The importance of transcapillary insulin delivery as a regulated step was explored in an insulin resistant rat model. Oophorectomized female rats were exposed to testosterone (OVX + T) for 8 weeks and examined with insulin clamps, muscle microdialysis, and analyses of insulin distribution kinetics. The results were compared with those obtained in sham-operated control rats. After OVX + T, onset of glucose uptake in skeletal muscle was significantly (P < 0.001–0.05) delayed compared with controls as measured by the glucose infusion rate (GIR) during a euglycaemic, hyperinsulinaemic clamp (5 mU kg–1 min–1). The increase in interstitial insulin concentrations was also significantly (P < 0.05) delayed (15–20% lower) in OVX + T treated rats compared with control rats, but to such a small magnitude that this alone could not explain the late onset of the insulin effect. Skeletal muscle capillary density, examined histochemically, was diminished (P < 0.01–0.001) by 20–25% after treatment with OVX + T compared with control animals, as was the peripheral blood flow (P < 0.05) by 40–45%, measured with the microsphere technique. Insulin binding was reduced in proportion to the reduced (P < 0.01) vascular surface area by OVX + T treatment. Transcapillary transport rate of insulin, measured by comparisons of the kinetics of inulin and insulin spaces in muscle with time, tended (ns) to be lower after OVX + T compared with control rats (30–40%) as a reflection of the lower capillary surface area. The data suggest that the delayed onset of insulin action after OVX + T results from combined defects in the muscle cell at a postreceptor level and, to a lesser extent, from retarded transcapillary delivery of insulin.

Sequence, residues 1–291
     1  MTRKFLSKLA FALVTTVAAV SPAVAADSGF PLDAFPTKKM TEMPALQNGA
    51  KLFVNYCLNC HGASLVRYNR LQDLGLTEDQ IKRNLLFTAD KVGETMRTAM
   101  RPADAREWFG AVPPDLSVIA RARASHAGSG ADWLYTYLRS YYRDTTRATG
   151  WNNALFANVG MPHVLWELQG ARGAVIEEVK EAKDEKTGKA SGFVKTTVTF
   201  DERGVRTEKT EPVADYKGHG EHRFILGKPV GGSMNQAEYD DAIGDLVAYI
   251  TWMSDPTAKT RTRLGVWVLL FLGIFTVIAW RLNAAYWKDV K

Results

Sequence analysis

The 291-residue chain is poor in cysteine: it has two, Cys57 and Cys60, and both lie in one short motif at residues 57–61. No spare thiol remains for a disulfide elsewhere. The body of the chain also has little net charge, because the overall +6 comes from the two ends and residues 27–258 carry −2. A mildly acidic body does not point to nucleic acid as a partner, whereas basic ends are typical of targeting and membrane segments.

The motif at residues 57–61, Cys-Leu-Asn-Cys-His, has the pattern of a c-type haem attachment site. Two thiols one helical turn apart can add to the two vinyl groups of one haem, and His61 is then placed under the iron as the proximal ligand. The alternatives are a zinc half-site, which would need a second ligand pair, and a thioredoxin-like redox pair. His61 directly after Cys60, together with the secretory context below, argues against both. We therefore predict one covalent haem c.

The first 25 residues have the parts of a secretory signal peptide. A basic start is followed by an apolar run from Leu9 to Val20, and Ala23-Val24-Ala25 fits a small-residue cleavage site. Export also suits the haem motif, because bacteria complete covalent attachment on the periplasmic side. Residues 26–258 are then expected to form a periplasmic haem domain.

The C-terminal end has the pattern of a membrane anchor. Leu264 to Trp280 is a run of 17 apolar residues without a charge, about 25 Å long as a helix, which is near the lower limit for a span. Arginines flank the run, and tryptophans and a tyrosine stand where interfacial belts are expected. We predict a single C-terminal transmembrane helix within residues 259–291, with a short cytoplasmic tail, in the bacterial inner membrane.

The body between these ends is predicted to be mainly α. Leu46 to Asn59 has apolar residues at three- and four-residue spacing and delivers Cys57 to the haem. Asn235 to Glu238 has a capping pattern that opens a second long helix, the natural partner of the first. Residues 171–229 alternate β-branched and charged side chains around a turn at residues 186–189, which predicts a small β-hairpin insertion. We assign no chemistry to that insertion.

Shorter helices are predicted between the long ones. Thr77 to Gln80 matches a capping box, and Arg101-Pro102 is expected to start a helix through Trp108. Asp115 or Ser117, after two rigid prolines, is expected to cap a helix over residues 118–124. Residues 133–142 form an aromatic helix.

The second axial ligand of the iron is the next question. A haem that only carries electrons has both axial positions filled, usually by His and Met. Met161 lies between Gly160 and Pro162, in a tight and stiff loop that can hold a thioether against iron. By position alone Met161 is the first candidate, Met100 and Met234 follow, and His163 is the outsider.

No Supplementary Data
Document Type: Research Article
Department of Heart and Lung Diseases and the Wallenberg Laboratory, Göteborg, Sweden
Department of Nephrology, University of Lund, Lund, Sweden
Department of Internal Medicine and the Lundberg Laboratory for Diabetes Research, Sahlgrenska University Hospital, Sweden
Publication date: 2001-04-01